val wordCountStoreSupplied = Stores.inMemoryKeyValueStore(wordCountStoreName)

    val builder = new StreamsBuilder()
    val textLines: KStream[String, String] = builder.stream[String, String]("TextLinesTopic")
    val wordCounts = textLines.flatMapValues(x => x.toLowerCase.split("\\W+"))
                    .groupBy((key, word) => word)
      .windowedBy(TimeWindows.of(Duration.ofSeconds(5).plus(Duration.ofMinutes(1))))
      .count()
    wordCounts.toStream.to("WordsWithCountsTopic")
    builder.build()
  }
}

That’s It

And that brings us to the end of this series, I will be diving back into .NET land next to write an implementation of the SWIM algorithm. After that I think I will get myself a AWS Solution Architect exam under my belt

 

I hope you have enjoyed the series. I know this one was a bit naff, but I kind of ran out of steam

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Kafka

KafkaStreams : Interactive Queries

So last time we looked at how to make use of the Processor API in the DSL. This time we are going to look at interactive queries.

 

Where is the code?

The code for this post is all contained here

And the tests are all contained here

 

Walking through a Kafka Streams processing node, and the duality of streams

Before we get started I just wanted to include a several excerpts taken from the official Kafka docs : http://docs.confluent.io/current/streams/concepts.html#duality-of-streams-and-tables which talks about KStream and KTable objects (which are the stream and table objects inside Kafka streams)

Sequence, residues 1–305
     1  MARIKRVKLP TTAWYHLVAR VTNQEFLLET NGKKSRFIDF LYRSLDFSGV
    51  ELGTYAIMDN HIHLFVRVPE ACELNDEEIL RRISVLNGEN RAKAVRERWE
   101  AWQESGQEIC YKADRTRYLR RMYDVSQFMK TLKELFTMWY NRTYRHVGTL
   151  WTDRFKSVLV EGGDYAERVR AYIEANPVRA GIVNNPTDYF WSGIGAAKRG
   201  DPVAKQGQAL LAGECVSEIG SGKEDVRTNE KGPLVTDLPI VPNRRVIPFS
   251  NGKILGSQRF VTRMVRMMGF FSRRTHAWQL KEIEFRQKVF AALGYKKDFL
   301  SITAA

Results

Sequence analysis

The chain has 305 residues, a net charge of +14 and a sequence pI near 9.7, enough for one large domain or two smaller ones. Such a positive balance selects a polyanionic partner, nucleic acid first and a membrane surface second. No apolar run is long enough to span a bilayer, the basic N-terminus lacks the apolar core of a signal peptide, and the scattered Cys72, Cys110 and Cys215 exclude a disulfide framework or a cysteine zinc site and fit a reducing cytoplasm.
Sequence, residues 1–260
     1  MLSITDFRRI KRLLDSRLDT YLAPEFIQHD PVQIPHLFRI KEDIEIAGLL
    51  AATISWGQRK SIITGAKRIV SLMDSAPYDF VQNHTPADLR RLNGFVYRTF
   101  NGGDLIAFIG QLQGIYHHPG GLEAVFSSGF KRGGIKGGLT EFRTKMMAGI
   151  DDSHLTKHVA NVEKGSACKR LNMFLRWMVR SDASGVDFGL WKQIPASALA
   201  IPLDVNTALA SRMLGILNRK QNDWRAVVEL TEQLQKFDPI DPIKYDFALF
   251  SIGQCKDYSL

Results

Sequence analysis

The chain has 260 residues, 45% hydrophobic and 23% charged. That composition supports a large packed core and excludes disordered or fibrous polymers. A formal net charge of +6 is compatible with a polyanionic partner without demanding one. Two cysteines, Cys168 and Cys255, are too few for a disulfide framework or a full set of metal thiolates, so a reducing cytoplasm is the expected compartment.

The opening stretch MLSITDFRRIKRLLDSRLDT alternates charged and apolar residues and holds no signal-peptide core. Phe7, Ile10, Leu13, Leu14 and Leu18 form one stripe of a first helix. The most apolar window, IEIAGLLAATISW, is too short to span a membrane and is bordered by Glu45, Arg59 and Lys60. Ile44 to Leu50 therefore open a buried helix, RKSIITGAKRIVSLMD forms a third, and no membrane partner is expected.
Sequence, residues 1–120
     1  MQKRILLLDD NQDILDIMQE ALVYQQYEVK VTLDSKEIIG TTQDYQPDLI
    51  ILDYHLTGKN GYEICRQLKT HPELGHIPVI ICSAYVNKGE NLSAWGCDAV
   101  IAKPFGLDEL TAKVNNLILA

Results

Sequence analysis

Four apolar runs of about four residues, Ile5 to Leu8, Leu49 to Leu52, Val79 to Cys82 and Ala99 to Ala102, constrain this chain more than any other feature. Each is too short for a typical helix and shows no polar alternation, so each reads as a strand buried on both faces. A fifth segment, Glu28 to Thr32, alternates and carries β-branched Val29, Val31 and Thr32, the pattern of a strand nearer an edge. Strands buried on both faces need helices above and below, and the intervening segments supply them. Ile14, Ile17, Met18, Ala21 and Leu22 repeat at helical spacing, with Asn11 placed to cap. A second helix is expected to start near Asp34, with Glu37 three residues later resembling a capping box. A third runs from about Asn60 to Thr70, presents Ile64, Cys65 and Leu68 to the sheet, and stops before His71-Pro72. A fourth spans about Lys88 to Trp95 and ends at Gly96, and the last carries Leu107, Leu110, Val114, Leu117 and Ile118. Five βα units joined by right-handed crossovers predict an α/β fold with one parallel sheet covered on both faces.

When implementing stream processing use cases in practice, you typically need both streams and also databases. An example use case that is very common in practice is an e-commerce application that enriches an incoming stream of customer transactions with the latest customer information from a database table. In other words, streams are everywhere, but databases are everywhere, too.

Any stream processing technology must therefore provide first-class support for streams and tables. Kafka’s Streams API provides such functionality through its core abstractions for streams and tables, which we will talk about in a minute. Now, an interesting observation is that there is actually a close relationship between streams and tables, the so-called stream-table duality. And Kafka exploits this duality in many ways: for example, to make your applications elastic, to support fault-tolerant stateful processing, or to run interactive queries against your application’s latest processing results. And, beyond its internal usage, the Kafka Streams API also allows developers to exploit this duality in their own applications.